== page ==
We also have an initiative called Relay4Nature, which is a cooperation between The Ocean Race and the United Nations Secretary General's Special Envoy for the Ocean, Peter Thomson. Relay4Nature links the key environmental conferences, to highlight that the pressing environmental challenges of our times, including greenhouse gas emissions and humankind's mistreatment of Nature, are connected. Symbolised by Nature's Baton, which is passed on in a relay between significant decision makers, it also conveys that to protect the planet we can not work in silos.

Tell us about The Ocean Race's membership in Net Zero initiative.

As a signatory to UN's Sports For Climate Action, we're enrolled in the Race to Zero. This means we're committed to halving our GHGs by 2030, that we support the ambitious target of Net Zero by 2040, and that we are using our race platform to advocate and educate around climate action. 

For this next race edition, our early estimates show a potential for a significant reduction in race organiser emissions. 

For the residual GHGs, we have a programme to support 'blue carbon' projects which will draw-down carbon on our behalf, with a focus on mangrove conservation and restoration. This is our Race to Restore.

Tell us about The Ocean Race Summits.

We held the first of The Ocean Race Summits during the 2014-15 edition of the Race, at the stopover in Newport, Rhode Island. Following its success, the Summits have evolved into one of the main pillars of our Racing with Purpose programme. During the 2017-18 edition, the Summits focused on finding innovative solutions to the global crisis of ocean plastic and to inspire action to help turn the tide on this urgent and most pressing issue.

Our current series of Summits is focused on exploring the concept of ocean rights and how this can be included in ocean governance and policy. At the heart of this is the idea that just as we have one ocean, we need one set of rules to protect it. A universal approach to protecting the marine environment would help to shift perception of how we treat it, from a resource to use and exploit, to a vital, complex, system that fuels all life on the planet. Our marine world should be valued, not just for the services that it provides to us, but because the ocean has a right to thrive. 

The series aims to build awareness and support for ocean rights with policy-makers and other influential audiences. Each event brings together the perspectives of a range of key players from government, science, sport and NGOs along with other key ocean advocates. Hosted across the world in order to gather a broad range of global perspectives and examples of best practice, the Summits provide the opportunity to gather a range of insights on ocean rights, which are later analysed and discussed in a series of workshops, named The Genova Process, with experts in international law, policy, diplomacy and ocean science. From this, the draft principles for a Universal Declaration of Ocean Rights will be created. We are working closely with two organisations specialising in the rights of nature: Earth Law Center, and Nature's Rights, along with Antonio di Natale, a leading marine biologist and scientific advisor on ocean matters from Genova, Italy.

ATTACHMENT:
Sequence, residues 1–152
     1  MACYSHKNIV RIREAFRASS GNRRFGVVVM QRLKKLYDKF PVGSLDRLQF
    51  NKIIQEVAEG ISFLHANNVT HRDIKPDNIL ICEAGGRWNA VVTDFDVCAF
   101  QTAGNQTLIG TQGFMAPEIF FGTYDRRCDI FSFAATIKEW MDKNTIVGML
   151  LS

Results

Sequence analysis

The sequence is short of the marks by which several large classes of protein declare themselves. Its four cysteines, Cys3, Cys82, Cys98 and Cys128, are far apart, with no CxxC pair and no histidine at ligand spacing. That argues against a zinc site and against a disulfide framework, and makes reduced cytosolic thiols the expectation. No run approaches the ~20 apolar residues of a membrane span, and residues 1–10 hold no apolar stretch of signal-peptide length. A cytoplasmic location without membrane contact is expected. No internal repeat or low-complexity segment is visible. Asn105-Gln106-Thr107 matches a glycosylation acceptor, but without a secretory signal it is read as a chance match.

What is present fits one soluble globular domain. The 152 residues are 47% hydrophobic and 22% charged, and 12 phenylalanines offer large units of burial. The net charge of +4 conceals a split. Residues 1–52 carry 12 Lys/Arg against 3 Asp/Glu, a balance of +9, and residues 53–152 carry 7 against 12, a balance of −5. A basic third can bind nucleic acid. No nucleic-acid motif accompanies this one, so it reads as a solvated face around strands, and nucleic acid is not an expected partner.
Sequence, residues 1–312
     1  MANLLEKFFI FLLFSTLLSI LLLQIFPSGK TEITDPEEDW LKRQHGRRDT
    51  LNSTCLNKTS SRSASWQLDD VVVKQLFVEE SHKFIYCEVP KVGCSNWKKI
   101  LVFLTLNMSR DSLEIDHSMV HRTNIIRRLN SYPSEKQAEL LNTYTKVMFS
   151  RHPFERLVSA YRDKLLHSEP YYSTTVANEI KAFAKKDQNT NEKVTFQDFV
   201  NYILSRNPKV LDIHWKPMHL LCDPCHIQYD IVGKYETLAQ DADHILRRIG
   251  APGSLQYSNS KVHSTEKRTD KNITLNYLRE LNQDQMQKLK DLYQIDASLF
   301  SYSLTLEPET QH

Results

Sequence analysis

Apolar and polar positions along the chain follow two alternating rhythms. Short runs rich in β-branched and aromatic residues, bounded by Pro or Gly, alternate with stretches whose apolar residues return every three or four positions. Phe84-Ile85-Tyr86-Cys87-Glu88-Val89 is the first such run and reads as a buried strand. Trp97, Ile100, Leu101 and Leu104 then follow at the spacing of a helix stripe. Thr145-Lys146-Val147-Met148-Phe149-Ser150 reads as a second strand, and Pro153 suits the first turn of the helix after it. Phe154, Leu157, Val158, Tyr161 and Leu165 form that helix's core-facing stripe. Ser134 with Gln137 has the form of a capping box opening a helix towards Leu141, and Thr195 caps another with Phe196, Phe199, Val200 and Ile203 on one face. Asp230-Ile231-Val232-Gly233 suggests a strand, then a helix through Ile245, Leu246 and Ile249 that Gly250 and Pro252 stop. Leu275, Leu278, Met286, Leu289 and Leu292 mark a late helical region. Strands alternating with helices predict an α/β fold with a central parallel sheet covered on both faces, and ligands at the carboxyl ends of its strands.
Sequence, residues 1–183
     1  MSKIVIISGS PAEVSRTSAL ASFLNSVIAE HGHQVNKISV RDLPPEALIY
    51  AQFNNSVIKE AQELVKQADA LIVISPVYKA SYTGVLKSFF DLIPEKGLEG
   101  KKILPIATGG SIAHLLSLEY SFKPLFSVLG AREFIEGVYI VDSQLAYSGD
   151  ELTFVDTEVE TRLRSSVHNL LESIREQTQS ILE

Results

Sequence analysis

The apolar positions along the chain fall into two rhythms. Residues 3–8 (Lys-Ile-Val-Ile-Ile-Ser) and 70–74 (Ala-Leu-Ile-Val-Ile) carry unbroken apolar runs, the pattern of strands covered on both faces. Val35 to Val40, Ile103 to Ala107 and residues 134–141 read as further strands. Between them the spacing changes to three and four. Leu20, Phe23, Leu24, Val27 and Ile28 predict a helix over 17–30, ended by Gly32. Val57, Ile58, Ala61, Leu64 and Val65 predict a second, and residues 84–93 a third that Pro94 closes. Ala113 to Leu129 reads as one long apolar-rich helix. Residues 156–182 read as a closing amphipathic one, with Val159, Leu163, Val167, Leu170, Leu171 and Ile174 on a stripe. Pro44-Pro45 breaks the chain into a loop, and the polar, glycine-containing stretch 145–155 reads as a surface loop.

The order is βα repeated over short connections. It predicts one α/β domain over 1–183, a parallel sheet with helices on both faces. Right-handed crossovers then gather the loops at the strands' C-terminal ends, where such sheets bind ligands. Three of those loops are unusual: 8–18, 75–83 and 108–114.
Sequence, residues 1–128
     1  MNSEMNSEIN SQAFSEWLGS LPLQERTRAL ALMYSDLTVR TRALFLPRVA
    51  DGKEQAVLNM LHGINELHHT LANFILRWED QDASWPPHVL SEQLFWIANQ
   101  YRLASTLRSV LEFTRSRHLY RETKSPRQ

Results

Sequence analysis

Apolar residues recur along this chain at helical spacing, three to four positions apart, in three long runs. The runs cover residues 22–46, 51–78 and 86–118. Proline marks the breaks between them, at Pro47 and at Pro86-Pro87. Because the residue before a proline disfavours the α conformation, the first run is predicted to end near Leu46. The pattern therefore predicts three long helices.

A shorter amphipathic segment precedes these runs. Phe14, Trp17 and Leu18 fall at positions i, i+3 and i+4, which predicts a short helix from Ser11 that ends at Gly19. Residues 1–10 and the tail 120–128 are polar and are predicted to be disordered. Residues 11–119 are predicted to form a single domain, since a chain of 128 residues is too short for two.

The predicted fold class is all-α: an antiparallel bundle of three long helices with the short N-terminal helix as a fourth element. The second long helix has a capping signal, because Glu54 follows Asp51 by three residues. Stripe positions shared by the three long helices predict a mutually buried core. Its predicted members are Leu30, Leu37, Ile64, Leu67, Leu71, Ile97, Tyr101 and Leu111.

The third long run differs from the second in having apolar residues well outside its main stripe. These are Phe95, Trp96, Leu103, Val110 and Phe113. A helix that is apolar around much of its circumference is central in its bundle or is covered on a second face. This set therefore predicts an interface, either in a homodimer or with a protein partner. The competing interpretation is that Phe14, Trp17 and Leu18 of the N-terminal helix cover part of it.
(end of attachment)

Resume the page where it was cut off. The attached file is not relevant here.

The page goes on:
This series of 12 Summits is building up to the UN General Assembly in New York in September 2023, where we plan on presenting the principles for a Declaration in conjunction with the meeting. If the concept is adopted member countries will craft the Declaration, which we hope would be in place by 2030.

We have had some fantastic speakers at our Summits, including presidents and royals and look forward to hosting six more events ahead of the UNGA next year.

With the backing of countries and high-level influencers, alongside the public support through  One Blue Voice, we hope to present a strong case for ocean rights.

How can people get in touch and be part of The Ocean Race?

The Race will be visiting four continents in 2023 (you can see the route here), with an opportunity to watch the teams in action and visit the Ocean Live Park, our dedicated onsite hub, where you can learn more about the Race and One Blue Voice.

For those who aren't able to see the Race in person, please help us gain support for ocean rights by signing our petition, sharing it with your friends and family, and following our Instagram account to keep up to date with developments. Stand up, speak up and sign up for ocean rights!